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“Just Like Me”: How Immigrant Students Experience a U.S. High School

“Just Like Me”: How Immigrant Students Experience a U.S. High School Using a qualitative bricolage approach (Kincheloe, 2008, 2010), this study explores the school life of immigrant students enrolled in an advanced English as a Second Language (ESL) classroom in a high school. The overarching objective of this study is to examine how these students—five from Mexico, three from Honduras, and one from China—experience and use the school space. Figured worlds (Holland et al., 1998) and positioning theory (Davies, 2000; Harré & van Langenhove, 1999) provide analytical frameworks to present how the students rely on their positions as English language learners in an ESL program, on the ESL faculty, and on one another to co-construct a variety of practices that create opportunities for agency and success in the school space. The manuscript describes how students co-construct a world in and through which they (1) navigate the institution, (2) meet academic needs, and (3) establish networks of care. The study also includes the dissonant threads—elements of data that resist perfect codification—to deepen analysis and to portray a complex portrait of ESL II (Lawrence-Lightfoot & Davis, 1997). http://www.deepdyve.com/assets/images/DeepDyve-Logo-lg.png The High School Journal University of North Carolina Press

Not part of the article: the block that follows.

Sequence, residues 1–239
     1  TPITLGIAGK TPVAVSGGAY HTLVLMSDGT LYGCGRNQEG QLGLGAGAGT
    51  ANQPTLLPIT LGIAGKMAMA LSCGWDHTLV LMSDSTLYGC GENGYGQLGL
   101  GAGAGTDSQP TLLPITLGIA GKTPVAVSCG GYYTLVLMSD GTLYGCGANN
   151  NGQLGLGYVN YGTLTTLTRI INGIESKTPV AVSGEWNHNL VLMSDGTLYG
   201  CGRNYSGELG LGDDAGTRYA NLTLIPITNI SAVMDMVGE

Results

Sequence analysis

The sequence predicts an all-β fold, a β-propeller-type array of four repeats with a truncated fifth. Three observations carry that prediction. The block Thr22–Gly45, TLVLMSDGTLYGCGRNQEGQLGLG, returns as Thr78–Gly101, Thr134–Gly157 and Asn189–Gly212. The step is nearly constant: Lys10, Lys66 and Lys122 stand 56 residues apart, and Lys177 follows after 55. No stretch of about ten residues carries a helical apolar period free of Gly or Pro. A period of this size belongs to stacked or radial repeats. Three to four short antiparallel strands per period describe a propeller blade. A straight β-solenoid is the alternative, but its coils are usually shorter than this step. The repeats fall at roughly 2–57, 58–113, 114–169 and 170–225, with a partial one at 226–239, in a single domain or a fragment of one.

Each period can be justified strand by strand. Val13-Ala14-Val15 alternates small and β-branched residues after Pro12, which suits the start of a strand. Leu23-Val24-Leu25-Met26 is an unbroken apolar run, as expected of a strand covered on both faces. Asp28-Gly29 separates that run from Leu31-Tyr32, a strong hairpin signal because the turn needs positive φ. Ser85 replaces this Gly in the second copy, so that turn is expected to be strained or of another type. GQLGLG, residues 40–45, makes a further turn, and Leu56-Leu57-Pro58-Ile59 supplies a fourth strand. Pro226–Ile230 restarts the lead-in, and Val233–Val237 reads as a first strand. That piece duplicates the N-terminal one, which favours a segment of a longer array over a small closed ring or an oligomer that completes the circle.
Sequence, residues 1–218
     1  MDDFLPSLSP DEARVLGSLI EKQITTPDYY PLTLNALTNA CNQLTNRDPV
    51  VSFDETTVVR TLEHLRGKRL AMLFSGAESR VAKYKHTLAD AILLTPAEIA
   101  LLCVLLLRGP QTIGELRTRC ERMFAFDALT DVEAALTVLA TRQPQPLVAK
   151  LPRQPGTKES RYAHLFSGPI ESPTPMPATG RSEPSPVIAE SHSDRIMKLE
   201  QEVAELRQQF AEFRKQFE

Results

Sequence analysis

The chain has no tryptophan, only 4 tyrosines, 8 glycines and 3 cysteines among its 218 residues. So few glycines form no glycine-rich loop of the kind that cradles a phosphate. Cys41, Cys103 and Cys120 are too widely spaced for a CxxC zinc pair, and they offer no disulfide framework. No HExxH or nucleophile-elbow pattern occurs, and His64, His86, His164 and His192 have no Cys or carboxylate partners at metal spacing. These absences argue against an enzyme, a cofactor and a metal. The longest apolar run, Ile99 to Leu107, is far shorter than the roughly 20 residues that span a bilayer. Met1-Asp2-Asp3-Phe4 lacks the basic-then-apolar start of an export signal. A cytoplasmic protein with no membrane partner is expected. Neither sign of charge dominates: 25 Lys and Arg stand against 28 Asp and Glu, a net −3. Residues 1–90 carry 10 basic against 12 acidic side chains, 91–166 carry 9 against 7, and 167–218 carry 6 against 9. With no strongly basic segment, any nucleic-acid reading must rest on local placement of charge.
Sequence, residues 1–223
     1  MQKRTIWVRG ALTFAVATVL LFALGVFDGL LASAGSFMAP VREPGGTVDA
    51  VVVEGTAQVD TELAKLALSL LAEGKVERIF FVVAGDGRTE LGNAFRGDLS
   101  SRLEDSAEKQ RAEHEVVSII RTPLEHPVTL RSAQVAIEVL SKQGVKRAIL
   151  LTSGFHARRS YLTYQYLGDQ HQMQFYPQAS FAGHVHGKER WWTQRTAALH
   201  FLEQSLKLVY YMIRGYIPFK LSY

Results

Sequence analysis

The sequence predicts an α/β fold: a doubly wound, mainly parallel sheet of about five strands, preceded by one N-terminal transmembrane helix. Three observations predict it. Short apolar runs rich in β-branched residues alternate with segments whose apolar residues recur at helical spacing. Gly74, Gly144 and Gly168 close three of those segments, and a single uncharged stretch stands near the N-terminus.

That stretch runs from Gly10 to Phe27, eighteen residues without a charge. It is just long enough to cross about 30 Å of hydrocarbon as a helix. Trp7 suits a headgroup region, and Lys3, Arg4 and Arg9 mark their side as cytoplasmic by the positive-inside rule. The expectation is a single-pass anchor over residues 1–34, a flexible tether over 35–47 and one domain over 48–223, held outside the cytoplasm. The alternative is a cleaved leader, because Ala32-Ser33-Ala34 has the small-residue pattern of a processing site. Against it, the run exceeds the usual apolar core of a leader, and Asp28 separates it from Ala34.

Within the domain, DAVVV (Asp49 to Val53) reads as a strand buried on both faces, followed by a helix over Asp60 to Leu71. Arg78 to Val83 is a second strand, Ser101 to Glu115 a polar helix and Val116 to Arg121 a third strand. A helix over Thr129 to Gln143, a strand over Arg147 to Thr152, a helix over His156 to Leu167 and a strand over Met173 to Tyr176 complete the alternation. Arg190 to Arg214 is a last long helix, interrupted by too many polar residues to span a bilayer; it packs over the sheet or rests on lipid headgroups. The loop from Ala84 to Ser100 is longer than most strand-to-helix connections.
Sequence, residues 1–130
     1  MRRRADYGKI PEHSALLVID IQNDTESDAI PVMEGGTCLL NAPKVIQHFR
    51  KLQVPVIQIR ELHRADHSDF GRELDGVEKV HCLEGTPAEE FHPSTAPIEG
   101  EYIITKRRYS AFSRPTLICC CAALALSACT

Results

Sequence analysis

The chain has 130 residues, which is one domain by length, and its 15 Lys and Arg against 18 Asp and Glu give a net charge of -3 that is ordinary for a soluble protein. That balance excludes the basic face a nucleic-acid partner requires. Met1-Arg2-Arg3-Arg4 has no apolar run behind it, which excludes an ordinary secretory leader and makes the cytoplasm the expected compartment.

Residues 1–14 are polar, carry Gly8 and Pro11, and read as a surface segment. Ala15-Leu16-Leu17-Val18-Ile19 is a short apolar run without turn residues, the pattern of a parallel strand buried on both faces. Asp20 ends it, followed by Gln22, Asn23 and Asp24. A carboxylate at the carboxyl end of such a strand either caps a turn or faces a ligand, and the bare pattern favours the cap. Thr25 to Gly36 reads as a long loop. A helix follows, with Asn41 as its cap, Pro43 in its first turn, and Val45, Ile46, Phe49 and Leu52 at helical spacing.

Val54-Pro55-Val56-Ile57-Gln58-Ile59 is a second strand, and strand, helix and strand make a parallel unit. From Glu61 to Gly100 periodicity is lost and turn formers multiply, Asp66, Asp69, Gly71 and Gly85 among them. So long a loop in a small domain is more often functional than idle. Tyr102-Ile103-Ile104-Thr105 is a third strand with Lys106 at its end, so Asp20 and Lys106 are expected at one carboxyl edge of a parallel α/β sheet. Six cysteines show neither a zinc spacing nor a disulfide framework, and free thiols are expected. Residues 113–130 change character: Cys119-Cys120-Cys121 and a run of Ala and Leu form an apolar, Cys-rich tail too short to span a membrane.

“Just Like Me”: How Immigrant Students Experience a U.S. High School

The High School Journal , Volume 98 (3) – Apr 23, 2015

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Publisher
University of North Carolina Press
Copyright
Copyright © 2008 The University of North Carolina Press.
ISSN
1534-5157

Abstract

Using a qualitative bricolage approach (Kincheloe, 2008, 2010), this study explores the school life of immigrant students enrolled in an advanced English as a Second Language (ESL) classroom in a high school. The overarching objective of this study is to examine how these students—five from Mexico, three from Honduras, and one from China—experience and use the school space. Figured worlds (Holland et al., 1998) and positioning theory (Davies, 2000; Harré & van Langenhove, 1999) provide analytical frameworks to present how the students rely on their positions as English language learners in an ESL program, on the ESL faculty, and on one another to co-construct a variety of practices that create opportunities for agency and success in the school space. The manuscript describes how students co-construct a world in and through which they (1) navigate the institution, (2) meet academic needs, and (3) establish networks of care. The study also includes the dissonant threads—elements of data that resist perfect codification—to deepen analysis and to portray a complex portrait of ESL II (Lawrence-Lightfoot & Davis, 1997).

Journal

The High School JournalUniversity of North Carolina Press

Published: Apr 23, 2015

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